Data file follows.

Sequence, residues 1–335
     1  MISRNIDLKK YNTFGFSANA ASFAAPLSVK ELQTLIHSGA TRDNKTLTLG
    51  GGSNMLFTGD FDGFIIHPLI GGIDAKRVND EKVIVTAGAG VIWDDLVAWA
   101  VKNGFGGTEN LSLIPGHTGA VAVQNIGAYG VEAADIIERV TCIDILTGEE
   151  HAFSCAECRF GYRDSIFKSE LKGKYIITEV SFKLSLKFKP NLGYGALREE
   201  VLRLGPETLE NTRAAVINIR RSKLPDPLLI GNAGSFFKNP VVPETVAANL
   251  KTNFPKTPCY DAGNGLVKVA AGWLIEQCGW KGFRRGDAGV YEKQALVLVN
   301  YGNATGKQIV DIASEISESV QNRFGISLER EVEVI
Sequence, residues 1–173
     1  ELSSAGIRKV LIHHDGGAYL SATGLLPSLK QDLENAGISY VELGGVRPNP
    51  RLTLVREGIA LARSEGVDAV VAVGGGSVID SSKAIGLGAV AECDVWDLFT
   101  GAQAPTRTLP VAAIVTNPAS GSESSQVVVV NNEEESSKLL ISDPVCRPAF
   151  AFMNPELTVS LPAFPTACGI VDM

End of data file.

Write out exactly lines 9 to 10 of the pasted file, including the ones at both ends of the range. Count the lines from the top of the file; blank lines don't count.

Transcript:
Sequence, residues 1–173
     1  ELSSAGIRKV LIHHDGGAYL SATGLLPSLK QDLENAGISY VELGGVRPNP